From Uche Usim, Abuja
The National Pension Commission (PenCom) has appealed to the Senate to perish the plan of establishing a Police Pension Board (PPB) as an exit strategy from the current Contributory Pension Scheme (CPS), saying the move has a lot of demerits, including the capacity to unsettle the federal government’s fiscal policy and financial system stability.
PenCom made the appeal at a public hearing on Police Pension Board (Establishment) Bill, 2022 (Sb 1009) and Nigeria Police Special Forces (Establishment) Bill, 2022 (Sb 846) held by the Senate committee on Police Affairs at the weekend.
A bill that was jointly sponsored by Senators Ishaku Abbo, representing Adamawa North and Mohammed Ali Ndume, Borno South, is seeking the establishment of a PPB that will divorce the Nigeria Police Force from the Contributory Pension Scheme and establishment of Nigeria Police Special Forces for training of police officers.
The push for a PPB stems from a long-standing dissatisfaction on the value of benefits payable to such personnel under the CPS, an issue PenCom said could be addressed by an upward review of the rate of pension contribution under the CPS and not necessarily by exemption.
In his submission, the Commissioner in charge of the Inspectorate Department at PenCom, Clement Oyedele Akintola said: “It is imperative to note that as at date, about 63.68% of the N14.79 trillion pension assets, as at 30 November 2022, are vested in Federal Government securities. Exempting the NPF would lead to material divestment from FGN securities before maturity, which would have ripple negative effects on not only the finances of the government, but also on the entire financial system.
“It is evident that the Defined Benefits Scheme is not sustainable as exempting the Military, Department of State Security and the Nigeria Intelligence Agency has resulted in very high allocation of resources to fund their retirement benefits.
“It is also important to note that the exemption of the NPF and any other agency from the CPS would erode the pool of long-term investible funds accumulated under the CPS,” he stated.
He told the audience that PenCom does not see the reason for police to exit the CPS but reasons for enhancement.”
Mr. Godwin Ihebudike, a lawyer who represented the Attorney General of the Federation picked holes in the Bill, especially as it did not make adequate preparation for the board. He observed that the proposed Police Pension Board did not make provision for the funding, composition of board members and staff, a reason he said makes it difficult to take a stand with the bill.
The federal government’s liability under the CPS for the same police personnel is made up of N213.4 billion as accrued pension rights and monthly employer pension contributions of about N2.2 billion.
The CEO of Pension Fund Operators Association of Nigeria, Oguche Agudah said allowing the police to exit the CPS means taking Nigeria to the dark days. He said the concern is about the sustainability of the funding of the police board, transparency of the system as entrenched in the CPS and its risk for the nation’s financial system.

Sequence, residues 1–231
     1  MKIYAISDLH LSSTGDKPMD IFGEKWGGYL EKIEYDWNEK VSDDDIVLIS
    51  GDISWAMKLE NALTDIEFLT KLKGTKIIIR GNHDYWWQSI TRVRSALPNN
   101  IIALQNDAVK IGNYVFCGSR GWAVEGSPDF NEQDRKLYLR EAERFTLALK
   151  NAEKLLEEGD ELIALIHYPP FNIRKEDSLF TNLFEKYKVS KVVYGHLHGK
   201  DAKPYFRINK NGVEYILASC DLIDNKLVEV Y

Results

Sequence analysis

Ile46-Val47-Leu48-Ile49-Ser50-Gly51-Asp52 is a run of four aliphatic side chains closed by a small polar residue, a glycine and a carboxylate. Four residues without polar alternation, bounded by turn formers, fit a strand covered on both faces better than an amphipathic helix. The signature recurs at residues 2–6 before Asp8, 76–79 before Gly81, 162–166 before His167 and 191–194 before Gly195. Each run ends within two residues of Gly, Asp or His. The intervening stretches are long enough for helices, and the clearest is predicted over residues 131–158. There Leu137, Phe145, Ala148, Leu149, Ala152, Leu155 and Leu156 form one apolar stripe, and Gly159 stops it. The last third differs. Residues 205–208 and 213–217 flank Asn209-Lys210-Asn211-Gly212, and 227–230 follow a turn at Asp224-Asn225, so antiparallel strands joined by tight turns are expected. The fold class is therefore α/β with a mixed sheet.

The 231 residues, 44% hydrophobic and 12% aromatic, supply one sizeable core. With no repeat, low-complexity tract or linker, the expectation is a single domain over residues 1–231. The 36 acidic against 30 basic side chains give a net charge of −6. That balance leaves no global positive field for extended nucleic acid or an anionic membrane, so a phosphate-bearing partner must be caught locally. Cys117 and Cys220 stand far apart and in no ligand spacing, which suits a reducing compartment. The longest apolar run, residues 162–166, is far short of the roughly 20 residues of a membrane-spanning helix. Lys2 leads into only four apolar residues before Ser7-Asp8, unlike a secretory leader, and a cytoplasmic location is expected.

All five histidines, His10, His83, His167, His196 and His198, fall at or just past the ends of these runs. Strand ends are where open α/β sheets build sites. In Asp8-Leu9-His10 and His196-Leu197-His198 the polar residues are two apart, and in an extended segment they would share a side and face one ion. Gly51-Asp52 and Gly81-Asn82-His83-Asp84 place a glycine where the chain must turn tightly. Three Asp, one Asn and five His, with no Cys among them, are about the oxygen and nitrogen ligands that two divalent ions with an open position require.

“The system is not perfect, I must admit. What is needed to be done is to rejuvenate the system and make it work perfectly,” Oguche said.
Regarding justification for the bill, Senator Abbo said he was moved by the disparity between the police and other security agencies in terms of contribution to pension savings and monthly pensions at retirement from active service. “I feel strongly that we are being unjust to the policeman on the street. You don’t expect the policeman to give his best when you have not given him an encouraging emolument.
“You cannot talk of security of the nation without first taking care of the welfare of the police. We are not taking care of the police and yet expect them to secure this country. Mr President, please look at the lives of the Nigerian policemen and not just their lives but the lives of their families,” Senator Abbo said.
On his part, Senator Ndume said the proposed Mobile Police and Special Forces Academy is expected to provide training for mobile police. The moribund Mobile Police training camp would be revived to deal with the multifaceted security challenges.
Representative of Inspector-General of Police, DIG Sanusi Lemu, said the swift passage of the bills would boost the morale of the police officers to confidently deal with the range of criminalities including armed robbery, kidnapping and terrorism confronting Nigeria today.
Meanwhile, a non-governmental organization, Contributory Pension and Happy Retirement Advocacy (COPEHRA), has said that the grievances of the police are making them want to exit the Contributory Pension Scheme (CPS) can be resolved within the system.
Legal adviser of the team, Ayinla Mahmod, a lawyer, while making the presentation said all the grievances of the police could be corrected within the CPS.
He said: “Currently, the government is saddled with heavy recurrent statutory expenditures as well as providing funding for necessary and important capital projects. A three–year review of our country’s budget performance has shown that a large chunk of the budget is dependent on borrowed funds by virtue of rising budget deficits.”